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How Far Does the System for Electing the President Fulfil Democratic Criteria?

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Introduction

How Far Does the System for Electing the President Fulfil Democratic Criteria? In a democratic society such as the United States, there are several functions of elections, none more so than to allow democracy to prevail, hence the people of the country are given the opportunity, through voting, to decide who becomes president, thus everyone has a say in deciding who leads them. Understandably, there is a whole range of criteria to judge how democratic the US election system is. In short, the system is one that currently falls short of fully fulfilling the democratic criteria, however it does offer a relatively democratic system as a whole. A fundamental requirement of democracy is that of voter participation. The USA does offer men and women of all ethnic backgrounds the opportunity to participate in presidential elections, and as such this is a commendable asset to US democracy. On the other hand, participation levels are alarmingly low. In the 2000 presidential election approximately half of those eligible to vote actually bothered. This places much doubt on how representative the elected George W Bush really was. There is evidently a part, or a number of parts, to the electoral system which discourages people from voting hence such a low turnout. ...read more.

Middle

This means people have to keep re-registering so many will simply not bother. Steps were taken by president Clinton in 1993 to increase the number of people registered to vote. He introduced the 'Motor Voter Bill', which effectively allowed people to register to vote as they applied for a driving license. As a result, there was an increase in voters by 5 million. Yet still, by 2000 only 66% of Americans were registered to vote. It should be pointed out that of those registered, 75% or so do actually turn out to vote. In order to fulfil democratic criteria, everyone eligible need to vote in elections so that those elected will be representative of the people's views. Although this registration process appears to decrease the level of democracy, the fact is that there is nothing actually preventing those eligible from registering to vote. The process is just perhaps a little more difficult than it should be. Perhaps the most alarming aspect of the US electoral system is the fact that a candidate can win the presidency and yet poll less votes than their opponent. This occurred in the 2000 presidential campaign where Bush won the presidency for the Republicans yet had fewer votes than his opponent, Al Gore of the Democrats. ...read more.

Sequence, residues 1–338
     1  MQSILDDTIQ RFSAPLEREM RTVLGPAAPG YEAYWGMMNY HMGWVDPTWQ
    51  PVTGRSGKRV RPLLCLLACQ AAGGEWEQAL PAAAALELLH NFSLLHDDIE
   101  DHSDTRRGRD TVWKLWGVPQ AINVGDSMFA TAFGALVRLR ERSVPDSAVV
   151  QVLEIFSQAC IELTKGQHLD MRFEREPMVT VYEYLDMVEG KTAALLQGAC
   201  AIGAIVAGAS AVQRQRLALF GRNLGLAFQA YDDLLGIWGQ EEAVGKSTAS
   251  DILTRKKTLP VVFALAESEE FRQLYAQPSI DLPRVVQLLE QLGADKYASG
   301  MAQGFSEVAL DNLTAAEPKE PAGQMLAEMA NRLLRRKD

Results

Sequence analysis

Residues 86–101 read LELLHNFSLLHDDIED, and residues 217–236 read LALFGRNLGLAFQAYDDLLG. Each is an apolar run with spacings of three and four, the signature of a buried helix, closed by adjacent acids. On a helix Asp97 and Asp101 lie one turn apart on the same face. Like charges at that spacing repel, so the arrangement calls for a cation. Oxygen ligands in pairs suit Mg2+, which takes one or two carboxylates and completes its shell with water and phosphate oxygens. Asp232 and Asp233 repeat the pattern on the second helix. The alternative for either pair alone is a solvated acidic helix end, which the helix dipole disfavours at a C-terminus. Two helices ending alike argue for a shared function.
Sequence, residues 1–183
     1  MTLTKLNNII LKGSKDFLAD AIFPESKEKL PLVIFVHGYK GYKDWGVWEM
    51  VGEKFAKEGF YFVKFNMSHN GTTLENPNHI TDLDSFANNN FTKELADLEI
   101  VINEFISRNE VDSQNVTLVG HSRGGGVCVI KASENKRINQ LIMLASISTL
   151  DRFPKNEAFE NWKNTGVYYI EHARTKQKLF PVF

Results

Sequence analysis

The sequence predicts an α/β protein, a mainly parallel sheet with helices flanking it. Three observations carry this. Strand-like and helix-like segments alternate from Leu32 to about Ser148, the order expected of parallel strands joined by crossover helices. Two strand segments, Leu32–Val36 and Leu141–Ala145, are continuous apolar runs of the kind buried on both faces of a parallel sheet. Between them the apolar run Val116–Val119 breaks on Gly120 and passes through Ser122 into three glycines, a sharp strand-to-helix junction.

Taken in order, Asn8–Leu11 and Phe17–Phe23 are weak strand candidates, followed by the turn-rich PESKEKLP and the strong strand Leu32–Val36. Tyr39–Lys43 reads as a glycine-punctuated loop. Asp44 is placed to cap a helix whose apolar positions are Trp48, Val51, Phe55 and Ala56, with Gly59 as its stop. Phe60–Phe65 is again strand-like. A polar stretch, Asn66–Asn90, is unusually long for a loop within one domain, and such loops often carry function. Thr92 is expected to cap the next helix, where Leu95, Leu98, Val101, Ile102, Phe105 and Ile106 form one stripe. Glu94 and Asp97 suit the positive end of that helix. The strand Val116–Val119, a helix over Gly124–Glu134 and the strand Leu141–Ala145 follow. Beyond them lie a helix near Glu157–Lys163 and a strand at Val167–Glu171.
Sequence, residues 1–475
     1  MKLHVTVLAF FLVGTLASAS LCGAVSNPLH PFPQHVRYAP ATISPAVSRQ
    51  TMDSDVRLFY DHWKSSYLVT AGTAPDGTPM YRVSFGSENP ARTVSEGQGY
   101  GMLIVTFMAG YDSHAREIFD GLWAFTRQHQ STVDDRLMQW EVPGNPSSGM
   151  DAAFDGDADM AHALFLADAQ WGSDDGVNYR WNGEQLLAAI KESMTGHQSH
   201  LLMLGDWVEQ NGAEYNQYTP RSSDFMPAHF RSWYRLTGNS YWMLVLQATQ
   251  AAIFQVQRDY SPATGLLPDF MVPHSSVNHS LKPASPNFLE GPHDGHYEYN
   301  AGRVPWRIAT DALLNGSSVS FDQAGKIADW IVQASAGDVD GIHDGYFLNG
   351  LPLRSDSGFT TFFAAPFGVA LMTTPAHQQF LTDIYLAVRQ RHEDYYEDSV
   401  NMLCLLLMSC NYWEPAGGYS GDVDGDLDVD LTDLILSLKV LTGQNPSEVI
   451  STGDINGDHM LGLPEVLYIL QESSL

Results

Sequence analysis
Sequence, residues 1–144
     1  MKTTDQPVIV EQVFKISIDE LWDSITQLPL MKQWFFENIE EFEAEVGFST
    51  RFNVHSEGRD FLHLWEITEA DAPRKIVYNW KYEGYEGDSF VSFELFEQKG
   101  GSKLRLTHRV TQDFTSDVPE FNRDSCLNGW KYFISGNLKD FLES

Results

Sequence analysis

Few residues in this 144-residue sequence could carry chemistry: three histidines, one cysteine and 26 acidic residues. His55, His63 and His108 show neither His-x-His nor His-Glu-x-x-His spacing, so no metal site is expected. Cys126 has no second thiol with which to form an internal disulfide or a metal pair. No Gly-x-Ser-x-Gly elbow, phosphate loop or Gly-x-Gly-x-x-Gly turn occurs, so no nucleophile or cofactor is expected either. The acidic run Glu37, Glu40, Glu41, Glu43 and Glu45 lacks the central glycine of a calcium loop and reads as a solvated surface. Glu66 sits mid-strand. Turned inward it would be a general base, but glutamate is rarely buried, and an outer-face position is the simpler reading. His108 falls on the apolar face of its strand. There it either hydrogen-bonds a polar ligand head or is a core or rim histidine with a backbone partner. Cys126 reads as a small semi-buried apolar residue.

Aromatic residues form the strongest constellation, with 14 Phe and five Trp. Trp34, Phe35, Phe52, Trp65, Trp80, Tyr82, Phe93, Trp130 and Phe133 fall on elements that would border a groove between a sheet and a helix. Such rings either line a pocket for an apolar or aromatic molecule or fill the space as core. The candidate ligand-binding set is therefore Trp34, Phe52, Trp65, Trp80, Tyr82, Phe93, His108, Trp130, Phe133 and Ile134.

Conclusion

However it has become apparent that candidates have found 'loop holes' in these precautions and thus there has been a growing trend of 'soft money' (see the table below). There is much controversy over where the line is drawn on what this 'soft money' can be spent on. President Clinton used carefully planned politically orientated events to generate this money such as 'Golf with the President' and trips on Air force One. The system for electing the president does however fulfil some democratic criteria. There is a secret ballot which eradicates corruption and any possible intimidation. The system also offers a coherent method of voting, as the voter simply has to vote for the candidate that they would like to take office. There are unarguably a high number of problems associated with the US system of electing a president and many areas that do not completely fulfil democratic criteria. Voter registration is too complicated, voting infrastructure is often old fashioned, voter choice is significantly limited, votes count unequally and are disproportionate and the media fails to remain impartial due to the influence of the wealthiest candidates. However the system does have its merits and does contain some aspects of democracy. There is a secret ballot, campaign regulations are in place and the election system is simple and coherent enough for the voter to understand. ...read more.

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